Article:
Tuesday, September 8, 2009

138 - The Hidden Life of Deer; Elizabeth Marshall Thomas



Despite the fact that I contracted Lyme's Disease from a deer tick a few years ago, I still love watching deer.

In The Hidden Life of Deer: Lessons From the Natural World, Elizabeth Marshall Thomas is an Anthropologist who lives with her family in a wooded area of New Hampshire. It was not unusual for her to see deer, wild turkey, bobcats, coyotes and sometimes even an occasional bear. One fall, a few years back she noticed that the acorn population was almost non existent. Since wildlife tends to depend on acorns to help get them through the harsh winter months, she decided to spread some corn (some 100+ pounds of it, over the course of the winter). Initially, she thought she was feeding the wild turkey in the area.

The wild turkeys did come, but so did about 30 deer, over the course of the winter: doe, bucks and even a few fawns. The author began to track what she saw, who she saw etc in her yard and nearby fields. She also hiked into the woods, studied trails, feeding patterns on trees, and reported her observations in this book.

Although I thought it was interesting to learn about the feeding patterns, feeding chains, and wild life etiquette as it relates to who eats first, I found some of what was contained in the book to be somewhat heartbreaking. (I'm a softy when it comes to any of God's creatures). So, I admit to glossing over a few sections.

All in all it was still an interesting read. If you are interested in learning more, read this one for yourself and decide.

8 comments:

  1. Oh, I bet I couldn't read it, even though I'm interested!

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  2. Interesting sounding book. I love to watch the deer cross up in the mountains. It's a lovely sight. The mothers are so watchful and protective over their young. Thanks for your review.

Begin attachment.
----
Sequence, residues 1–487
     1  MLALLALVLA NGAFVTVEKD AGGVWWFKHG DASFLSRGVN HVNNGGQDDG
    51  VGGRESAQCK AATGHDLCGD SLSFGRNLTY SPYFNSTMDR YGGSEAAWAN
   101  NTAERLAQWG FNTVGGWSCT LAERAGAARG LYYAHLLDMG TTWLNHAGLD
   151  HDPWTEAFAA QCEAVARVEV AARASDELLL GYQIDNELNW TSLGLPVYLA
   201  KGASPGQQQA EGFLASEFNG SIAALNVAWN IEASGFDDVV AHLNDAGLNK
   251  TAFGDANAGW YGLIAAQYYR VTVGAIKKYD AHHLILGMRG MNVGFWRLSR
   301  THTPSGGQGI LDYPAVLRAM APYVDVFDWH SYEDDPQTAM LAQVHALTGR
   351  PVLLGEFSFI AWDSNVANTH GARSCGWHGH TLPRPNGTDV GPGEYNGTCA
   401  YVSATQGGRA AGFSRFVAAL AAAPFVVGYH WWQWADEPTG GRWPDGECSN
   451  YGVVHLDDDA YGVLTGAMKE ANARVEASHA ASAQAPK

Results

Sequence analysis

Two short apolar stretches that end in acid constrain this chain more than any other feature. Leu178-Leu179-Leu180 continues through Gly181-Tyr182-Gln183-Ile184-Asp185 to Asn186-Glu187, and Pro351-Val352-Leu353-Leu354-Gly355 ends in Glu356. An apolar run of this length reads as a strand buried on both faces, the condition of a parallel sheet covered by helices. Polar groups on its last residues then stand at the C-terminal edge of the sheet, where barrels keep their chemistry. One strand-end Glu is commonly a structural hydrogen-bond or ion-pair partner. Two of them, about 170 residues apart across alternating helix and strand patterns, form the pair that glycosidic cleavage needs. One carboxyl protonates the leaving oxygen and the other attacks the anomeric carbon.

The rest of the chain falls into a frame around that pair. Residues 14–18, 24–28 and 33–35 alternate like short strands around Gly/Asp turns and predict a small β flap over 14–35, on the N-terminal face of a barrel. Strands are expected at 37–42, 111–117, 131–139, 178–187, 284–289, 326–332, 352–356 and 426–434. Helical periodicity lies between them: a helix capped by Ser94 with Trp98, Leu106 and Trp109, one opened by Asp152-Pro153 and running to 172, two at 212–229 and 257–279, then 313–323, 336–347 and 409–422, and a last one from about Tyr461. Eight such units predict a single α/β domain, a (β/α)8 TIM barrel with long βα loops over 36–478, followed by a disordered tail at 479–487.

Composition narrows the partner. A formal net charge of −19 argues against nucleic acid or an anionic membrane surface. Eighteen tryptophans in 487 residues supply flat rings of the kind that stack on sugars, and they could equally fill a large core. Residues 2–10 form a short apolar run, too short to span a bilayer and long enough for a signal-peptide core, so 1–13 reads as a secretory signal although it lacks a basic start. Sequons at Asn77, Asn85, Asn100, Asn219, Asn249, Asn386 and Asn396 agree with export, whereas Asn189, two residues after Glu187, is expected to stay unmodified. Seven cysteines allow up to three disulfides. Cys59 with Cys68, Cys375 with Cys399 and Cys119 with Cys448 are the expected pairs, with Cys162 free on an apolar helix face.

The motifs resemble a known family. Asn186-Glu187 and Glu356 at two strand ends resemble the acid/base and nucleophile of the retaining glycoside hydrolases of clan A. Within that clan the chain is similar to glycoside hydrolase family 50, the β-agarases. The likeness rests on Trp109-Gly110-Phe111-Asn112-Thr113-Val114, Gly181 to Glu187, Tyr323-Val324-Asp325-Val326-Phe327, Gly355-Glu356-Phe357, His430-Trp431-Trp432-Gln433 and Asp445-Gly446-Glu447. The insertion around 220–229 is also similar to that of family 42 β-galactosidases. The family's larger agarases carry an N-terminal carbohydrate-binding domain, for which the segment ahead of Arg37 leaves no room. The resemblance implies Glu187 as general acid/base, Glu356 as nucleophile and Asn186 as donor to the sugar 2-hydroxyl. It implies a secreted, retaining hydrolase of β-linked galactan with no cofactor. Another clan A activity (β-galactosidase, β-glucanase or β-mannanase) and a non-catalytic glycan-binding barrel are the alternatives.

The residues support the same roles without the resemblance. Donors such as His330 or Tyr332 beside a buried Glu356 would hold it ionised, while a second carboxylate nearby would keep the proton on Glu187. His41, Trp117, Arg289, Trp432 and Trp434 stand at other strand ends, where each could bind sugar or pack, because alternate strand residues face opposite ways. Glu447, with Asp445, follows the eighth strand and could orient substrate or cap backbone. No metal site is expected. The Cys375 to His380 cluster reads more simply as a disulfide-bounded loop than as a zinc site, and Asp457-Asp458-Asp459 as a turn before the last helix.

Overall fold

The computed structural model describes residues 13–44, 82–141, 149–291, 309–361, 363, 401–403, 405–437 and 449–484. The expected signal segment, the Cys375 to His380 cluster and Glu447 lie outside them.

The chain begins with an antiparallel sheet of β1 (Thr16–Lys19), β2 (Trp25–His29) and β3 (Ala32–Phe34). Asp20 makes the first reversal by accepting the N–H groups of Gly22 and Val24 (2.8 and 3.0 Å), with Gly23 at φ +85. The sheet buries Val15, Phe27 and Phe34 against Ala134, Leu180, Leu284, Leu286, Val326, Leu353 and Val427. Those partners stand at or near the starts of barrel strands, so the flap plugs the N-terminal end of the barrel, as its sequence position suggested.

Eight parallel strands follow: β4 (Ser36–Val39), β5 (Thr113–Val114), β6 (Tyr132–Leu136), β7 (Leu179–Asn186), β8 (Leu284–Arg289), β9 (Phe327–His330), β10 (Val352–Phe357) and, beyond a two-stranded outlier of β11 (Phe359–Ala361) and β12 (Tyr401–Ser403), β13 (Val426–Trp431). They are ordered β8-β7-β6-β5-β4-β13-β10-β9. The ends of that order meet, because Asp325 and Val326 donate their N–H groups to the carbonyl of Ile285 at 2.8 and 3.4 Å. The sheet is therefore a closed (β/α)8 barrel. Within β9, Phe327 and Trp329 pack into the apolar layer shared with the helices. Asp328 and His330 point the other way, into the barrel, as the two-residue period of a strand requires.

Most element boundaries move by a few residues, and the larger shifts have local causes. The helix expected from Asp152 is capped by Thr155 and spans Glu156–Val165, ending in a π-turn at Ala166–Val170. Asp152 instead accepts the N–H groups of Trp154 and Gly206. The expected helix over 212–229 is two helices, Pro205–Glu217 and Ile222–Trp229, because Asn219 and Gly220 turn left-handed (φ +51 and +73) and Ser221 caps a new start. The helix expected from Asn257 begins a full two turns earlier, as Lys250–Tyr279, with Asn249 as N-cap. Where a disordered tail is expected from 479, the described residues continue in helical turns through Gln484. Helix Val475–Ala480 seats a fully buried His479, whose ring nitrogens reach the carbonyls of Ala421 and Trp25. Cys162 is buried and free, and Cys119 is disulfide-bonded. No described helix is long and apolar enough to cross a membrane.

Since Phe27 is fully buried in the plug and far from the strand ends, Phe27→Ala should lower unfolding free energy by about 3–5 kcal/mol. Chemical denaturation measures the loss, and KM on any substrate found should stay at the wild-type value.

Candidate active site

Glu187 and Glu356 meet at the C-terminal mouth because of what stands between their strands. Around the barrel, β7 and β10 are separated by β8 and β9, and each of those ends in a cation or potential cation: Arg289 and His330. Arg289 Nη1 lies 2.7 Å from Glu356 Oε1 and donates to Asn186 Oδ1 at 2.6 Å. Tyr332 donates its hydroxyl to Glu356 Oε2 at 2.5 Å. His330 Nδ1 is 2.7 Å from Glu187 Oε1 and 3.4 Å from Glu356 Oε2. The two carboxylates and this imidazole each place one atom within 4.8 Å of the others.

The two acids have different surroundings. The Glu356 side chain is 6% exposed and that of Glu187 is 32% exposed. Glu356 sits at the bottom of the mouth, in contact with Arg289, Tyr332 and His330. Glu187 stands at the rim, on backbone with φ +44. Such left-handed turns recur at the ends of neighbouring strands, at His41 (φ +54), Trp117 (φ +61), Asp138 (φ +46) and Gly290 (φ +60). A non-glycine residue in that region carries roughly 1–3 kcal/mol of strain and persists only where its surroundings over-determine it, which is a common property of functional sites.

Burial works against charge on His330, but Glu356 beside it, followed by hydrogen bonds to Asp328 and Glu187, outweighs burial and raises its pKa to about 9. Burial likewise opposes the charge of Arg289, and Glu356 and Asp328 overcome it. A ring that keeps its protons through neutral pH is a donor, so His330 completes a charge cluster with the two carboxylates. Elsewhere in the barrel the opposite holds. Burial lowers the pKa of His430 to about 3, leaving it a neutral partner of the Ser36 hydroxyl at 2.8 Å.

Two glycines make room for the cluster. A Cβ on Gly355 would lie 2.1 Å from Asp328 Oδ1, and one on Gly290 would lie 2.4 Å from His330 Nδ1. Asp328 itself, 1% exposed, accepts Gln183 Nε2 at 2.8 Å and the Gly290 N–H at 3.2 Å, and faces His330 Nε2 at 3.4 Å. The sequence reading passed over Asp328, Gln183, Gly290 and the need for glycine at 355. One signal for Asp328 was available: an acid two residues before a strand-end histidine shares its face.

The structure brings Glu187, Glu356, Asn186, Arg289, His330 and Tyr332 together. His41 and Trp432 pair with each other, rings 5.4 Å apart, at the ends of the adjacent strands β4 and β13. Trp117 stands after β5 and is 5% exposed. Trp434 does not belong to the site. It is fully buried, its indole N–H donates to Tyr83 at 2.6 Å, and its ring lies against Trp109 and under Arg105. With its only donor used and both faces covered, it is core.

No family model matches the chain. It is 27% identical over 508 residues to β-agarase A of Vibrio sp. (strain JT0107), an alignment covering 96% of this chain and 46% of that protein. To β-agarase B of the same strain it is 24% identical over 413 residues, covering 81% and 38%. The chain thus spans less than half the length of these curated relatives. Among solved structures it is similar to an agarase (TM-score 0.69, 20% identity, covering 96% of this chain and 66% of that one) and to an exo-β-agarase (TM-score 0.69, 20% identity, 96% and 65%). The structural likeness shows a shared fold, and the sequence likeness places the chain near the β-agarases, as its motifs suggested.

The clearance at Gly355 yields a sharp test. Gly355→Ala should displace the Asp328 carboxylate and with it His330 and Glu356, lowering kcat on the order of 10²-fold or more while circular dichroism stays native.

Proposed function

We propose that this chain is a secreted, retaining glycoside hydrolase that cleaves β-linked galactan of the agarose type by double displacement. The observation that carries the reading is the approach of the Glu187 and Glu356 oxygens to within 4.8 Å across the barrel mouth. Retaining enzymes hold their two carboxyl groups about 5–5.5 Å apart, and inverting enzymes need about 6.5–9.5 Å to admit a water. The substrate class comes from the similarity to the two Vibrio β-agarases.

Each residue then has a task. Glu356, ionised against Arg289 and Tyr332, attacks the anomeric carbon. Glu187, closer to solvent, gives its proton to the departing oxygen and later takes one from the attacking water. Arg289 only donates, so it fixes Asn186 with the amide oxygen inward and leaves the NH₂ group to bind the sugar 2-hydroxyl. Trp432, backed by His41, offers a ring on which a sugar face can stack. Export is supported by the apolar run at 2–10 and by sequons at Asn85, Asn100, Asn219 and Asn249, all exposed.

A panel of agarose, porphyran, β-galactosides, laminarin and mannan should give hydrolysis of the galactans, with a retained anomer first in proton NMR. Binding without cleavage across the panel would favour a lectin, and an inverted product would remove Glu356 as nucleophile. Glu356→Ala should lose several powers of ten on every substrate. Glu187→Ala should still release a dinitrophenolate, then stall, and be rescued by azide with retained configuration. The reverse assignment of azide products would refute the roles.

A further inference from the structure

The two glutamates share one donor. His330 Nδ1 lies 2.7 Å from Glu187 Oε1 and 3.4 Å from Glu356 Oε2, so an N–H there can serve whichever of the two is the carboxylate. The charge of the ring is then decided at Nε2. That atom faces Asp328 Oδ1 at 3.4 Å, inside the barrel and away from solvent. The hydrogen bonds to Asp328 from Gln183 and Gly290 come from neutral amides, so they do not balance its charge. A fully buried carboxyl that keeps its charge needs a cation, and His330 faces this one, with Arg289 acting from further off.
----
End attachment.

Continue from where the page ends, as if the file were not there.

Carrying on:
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  3. It certainly sounds like an interesting experiment of sorts, but, as you mentioned, I can imagine how heartbreaking it could be in spots too. Thanks for another great review, Diane!

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  4. I wanted to read this until you mentioned the heartbreaking bits. I hate to cry over books that make me sad. Animals always do it to me.

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  5. I love to see deer, too, but there were so many of them when we lived in Auburn that people used to say, "the first thousand you see are cute." We saw them in our neighborhood all the time and we knew lots of people who were in car accidents with them.

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  6. Bermudanonion, I have heard that, too, from friends in Nebraska: deer everywhere! Because we only see them up in the mopuntains here, it is a special treat when we do.

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  7. I really like non-fiction books about nature and wildlife, so this one sounded good until you mentioned how sad it is. I am torn between wanting to read this, and wanting to keep away. I just don't need another sad animal story right now. Great review though!

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  8. Last year, I was a peer educator in a class that this book would have been really great for. I'll recommend checking it out to my professor. Thanks for the review.

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